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Bananas Remain A Large Slice Of Laos’ Export Pie

Bananas continue to be a top earner among all agricultural products, earning revenue for local development, despite the government banning the creation of more plantations.

The export value of bananas to neighbouring countries, mainly China and Thailand, last year increased to about US$198 million, which is higher than in previous years, according to the Ministry of Industry and Commerce.

In 2017, Laos earned US$167.9 million from banana exports which dipped to US$112 million in 2018, ranking fourth in terms of revenue among all agricultural exports after wood pulp and waste paper, buffalo and cattle, and rubber goods.

Other major agricultural export earners are include cassava, raw coffee, rubber, maize and rice.

The export value of bananas increased as various plantations operating under the contract farming system became ready for harvesting.

The number of investors and banana plantations decreased after the government enforced a ban on granting land for new plantations and shut down companies that had violated regulations.

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During 2016-17, a total of 117 companies invested in banana plantations covering 26,177 hectares across Laos, although this subsequently dropped to 90 companies and 20,408 hectares.

The agriculture strategy until 2025 states that bananas are a top agricultural export earner, create job opportunities, and generate income for local people so they can rise above poverty.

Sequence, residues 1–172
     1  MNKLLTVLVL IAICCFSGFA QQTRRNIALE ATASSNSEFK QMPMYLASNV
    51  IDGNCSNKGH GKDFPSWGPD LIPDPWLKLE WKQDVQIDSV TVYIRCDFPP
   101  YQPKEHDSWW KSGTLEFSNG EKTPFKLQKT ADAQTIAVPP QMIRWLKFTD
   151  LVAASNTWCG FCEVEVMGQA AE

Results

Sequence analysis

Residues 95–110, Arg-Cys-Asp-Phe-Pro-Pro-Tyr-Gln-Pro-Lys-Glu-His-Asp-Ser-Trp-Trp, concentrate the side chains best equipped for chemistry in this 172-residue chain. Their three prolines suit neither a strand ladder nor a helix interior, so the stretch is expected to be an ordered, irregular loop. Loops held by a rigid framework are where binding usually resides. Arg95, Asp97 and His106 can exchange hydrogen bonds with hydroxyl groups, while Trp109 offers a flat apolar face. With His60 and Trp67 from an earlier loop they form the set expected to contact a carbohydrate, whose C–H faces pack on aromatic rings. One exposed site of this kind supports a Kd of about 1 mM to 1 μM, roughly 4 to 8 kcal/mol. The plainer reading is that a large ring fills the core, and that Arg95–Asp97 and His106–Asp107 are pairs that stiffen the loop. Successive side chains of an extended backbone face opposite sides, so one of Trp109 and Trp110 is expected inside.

But some plantations harmed the environment because of a lack of management by the government, incomplete land allocation, and lax business registration.

For this reason, traders and investors were encouraged to enter into contracts with farming families to grow the crop.

But regulations have not been enforced, especially those relating to enterprises, investment promotion, chemical management, plant protection, consumer protection and environmental protection.

In 2014, the Prime Minister’s Office instructed the governors of northern provinces to ban individuals and companies from leasing or obtaining concessions for rice fields in irrigated areas for banana plantations.

In 2015, the Prime Minister’s Office issued an additional notice on the use of herbicides, pesticides and other chemicals on banana plantations.

In 2016, the Prime Minister’s Office issued a further notice aimed at resolving environmental issues and the impact of banana plantations.

Following these three notices, the Ministry of Agriculture and Forestry appointed technical teams and experts from the National Agriculture and Forestry Research Institute to conduct inspections of banana plantations in the northern provinces of Phongsaly, Luang Namtha, Bokeo, Oudomxay, Luang Prabang and Xayaboury.

The study showed that banana farming by ethnic groups is a long-standing practice.

They traditionally use banana leaves to make “mark beng” (handmade pyramids of banana leaves decorated with flowers) for religious rituals and to wrap confections, while the stems and branches can be used to make animal feed and the bananas eaten or sold.

The three notices led many banana growers to believe the government had banned the cultivation of bananas, but in fact the ban only concerned bananas grown in rice fields.

Banana plantations should follow good agricultural practices in line with the government’s clean, green and sustainable policies.

Growers should use herbicides and pesticides of a particular standard and not use chemicals that the government has banned, especially Paraquat and DDT.